I have never understood the American obsession with happiness. It is not happiness that etches us with character but sadness. John Keats (1795-1821), the English poet, understood this. In 1819, suffering from depression, he wrote a poem in praise of it, which he called an Ode on Melancholy.
No, no, go not to Lethe, neither twist
Wolf’s-bane, tight-rooted, for its poisonous wine;
Nor suffer thy pale forehead to be kiss’d
By nightshade, ruby grape of Proserpine;
Make not your rosary of yew-berries,
Nor let the beetle, nor the death-moth be
Your mournful Psyche, nor the downy owl
A partner in your sorrow’s mysteries;
For shade to shade will come too drowsily,
And drown the wakeful anguish of the soul.
In the first stanza he recommends us not to attempt suicide, not to reject and try and forget our depression, and not to wallow in our own misery, because depression comes as a shadowy presence that can take away our state of anguished alertness, our awareness of the depth of our suffering: “For shade to shade will come too drowsily, and drown the wakeful anguish of the soul.” Better to be alert and aware of our suffering than be dead and feel nothing at all.
In the second stanza Keats tells us that following the onset of depression, “when the melancholy fit shall fall sudden from heaven like a weeping cloud”, we should try to overwhelm our sorrow with natural beauty.
But when the melancholy fit shall fall
Sudden from heaven like a weeping cloud,
That fosters the droop-headed flowers all,
And hides the green hill in an April shroud;
Then glut thy sorrow on a morning rose,
Or on the rainbow of the salt sand-wave,
Or on the wealth of globed peonies;
Or if thy mistress some rich anger shows,
Emprison her soft hand, and let her rave,
And feed deep, deep upon her peerless eyes.
He explains his recommendation in the third stanza where he shows that joy and sadness are inextricably linked because of the ephemeral nature of joy. Sadness is present in every joy: “Ay, in the very temple of Delight Veil’d Melancholy has her Sovran shrine”.
She dwells with Beauty–Beauty that must die;
And Joy, whose hand is ever at his lips
Bidding adieu; and aching Pleasure nigh,
Turning to poison while the bee-mouth sips:
Ay, in the very temple of Delight
Veil’d Melancholy has her sovran shrine,
Though seen of none save him whose strenuous tongue
Can burst Joy’s grape against his palate fine;
His soul shalt taste the sadness of her might,
And be among her cloudy trophies hung.
Unlike most therapists and counselors today, Keats is not recommending distraction as a cure for depression, rather he is recommending enjoying depression’s intensity and so by contrast, causing beauty to seem that much more beautiful. While we may not want to experience sadness, to be a trophy on melancholy’s wall, it is essential if we also want to experience real joy. Like many artists Keats used the negative energy from his own depression and channeled it into creativity, writing most of his work while depressed. This is exactly the approach that Tom Wootton recommends in his book The Depression Advantage:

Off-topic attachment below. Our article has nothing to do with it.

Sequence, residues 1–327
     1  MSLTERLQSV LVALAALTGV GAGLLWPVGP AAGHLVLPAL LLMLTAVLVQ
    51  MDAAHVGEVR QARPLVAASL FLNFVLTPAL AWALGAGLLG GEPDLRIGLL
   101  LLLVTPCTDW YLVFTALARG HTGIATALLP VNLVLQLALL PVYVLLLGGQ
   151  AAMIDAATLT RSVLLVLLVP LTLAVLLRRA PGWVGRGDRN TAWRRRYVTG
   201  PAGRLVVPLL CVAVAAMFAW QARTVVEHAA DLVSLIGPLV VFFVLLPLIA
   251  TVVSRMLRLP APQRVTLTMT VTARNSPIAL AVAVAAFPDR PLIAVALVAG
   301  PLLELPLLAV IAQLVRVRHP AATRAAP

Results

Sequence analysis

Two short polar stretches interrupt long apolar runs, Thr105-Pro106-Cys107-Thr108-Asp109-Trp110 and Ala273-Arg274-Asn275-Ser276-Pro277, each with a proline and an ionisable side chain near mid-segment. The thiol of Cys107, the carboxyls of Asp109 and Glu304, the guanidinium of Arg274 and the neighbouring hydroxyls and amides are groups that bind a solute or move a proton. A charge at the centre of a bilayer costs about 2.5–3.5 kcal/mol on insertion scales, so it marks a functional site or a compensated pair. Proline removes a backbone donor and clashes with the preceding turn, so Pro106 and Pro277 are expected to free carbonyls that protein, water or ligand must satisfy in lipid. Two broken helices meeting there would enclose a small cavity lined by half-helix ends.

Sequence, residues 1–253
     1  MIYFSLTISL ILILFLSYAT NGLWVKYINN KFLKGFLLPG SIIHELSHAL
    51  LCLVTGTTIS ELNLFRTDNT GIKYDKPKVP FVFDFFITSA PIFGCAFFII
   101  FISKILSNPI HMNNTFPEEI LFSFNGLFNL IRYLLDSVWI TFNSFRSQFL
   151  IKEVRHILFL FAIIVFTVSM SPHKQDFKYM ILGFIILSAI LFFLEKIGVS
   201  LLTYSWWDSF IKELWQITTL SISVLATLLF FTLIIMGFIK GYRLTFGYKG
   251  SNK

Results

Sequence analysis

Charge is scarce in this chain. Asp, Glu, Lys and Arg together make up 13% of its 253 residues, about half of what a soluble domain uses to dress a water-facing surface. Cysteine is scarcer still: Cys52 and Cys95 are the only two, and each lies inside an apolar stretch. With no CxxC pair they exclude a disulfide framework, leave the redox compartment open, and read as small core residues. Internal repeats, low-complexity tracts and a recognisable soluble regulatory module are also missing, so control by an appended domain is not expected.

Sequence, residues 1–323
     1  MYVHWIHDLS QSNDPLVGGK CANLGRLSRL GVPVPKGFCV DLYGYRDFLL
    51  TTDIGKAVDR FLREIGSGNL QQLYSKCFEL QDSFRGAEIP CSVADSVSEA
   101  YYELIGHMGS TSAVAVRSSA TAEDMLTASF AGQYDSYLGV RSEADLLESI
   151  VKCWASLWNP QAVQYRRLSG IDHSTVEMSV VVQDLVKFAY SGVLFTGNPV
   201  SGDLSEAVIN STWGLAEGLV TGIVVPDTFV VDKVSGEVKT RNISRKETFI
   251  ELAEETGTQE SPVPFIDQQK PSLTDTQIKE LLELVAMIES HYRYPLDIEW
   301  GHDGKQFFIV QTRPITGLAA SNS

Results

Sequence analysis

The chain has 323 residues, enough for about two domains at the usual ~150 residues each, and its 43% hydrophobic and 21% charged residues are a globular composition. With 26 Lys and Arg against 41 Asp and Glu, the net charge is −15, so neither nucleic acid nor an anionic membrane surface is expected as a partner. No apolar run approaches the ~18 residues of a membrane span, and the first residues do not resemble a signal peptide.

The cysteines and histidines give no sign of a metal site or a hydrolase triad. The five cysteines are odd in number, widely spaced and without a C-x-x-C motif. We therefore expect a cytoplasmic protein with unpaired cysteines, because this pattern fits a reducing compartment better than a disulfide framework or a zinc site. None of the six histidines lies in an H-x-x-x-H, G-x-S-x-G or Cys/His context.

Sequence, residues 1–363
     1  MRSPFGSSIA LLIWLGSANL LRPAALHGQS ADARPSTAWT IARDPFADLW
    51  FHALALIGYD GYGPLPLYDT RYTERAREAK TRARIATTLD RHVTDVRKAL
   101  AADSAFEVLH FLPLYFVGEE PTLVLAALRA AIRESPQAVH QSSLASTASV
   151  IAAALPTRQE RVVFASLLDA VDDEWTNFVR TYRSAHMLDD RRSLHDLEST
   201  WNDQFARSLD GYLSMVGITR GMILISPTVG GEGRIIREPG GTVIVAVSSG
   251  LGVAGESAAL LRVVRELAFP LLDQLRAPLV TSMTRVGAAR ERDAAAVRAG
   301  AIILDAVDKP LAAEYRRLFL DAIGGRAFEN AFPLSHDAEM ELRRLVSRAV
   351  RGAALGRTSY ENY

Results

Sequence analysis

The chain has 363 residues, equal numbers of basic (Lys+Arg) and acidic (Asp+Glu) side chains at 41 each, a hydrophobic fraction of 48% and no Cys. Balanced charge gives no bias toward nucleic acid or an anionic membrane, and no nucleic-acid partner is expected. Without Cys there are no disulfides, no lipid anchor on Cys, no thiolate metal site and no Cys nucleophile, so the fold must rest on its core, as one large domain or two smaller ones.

“It was the misery of depression that brought me to the realization that I am mentally ill. The unbearable pain is what helped me to recognize the torture I have done to others. Without the heartache, I would never have learned who I really am, and come to understand the power of acceptance. Without the despair, I would not have had the desire to become a better person…Every great change in my life was precipitated by insights gained during depression. Depression has served the function of changing my life for the better.”
Wootton draws on the experiences of the saints, Teresa of Avila, Anthony, John of the Cross and Francis of Assisi, to show how they also channeled extreme physical and mental pain into blissful states and productive lives.
The current American preoccupation with happiness devoid of sorrow breeds blandness and an ignorance of life’s enduring polarities. I certainly don’t mean to romanticize depression but without sorrow and suffering gnawing at our life and ambushing our hopes and dreams, we cannot hope to become fully formed human beings. As Keats wrote to his brother George, “Do you not see how necessary a World of Pains and troubles is to school an Intelligence and make it a Soul?”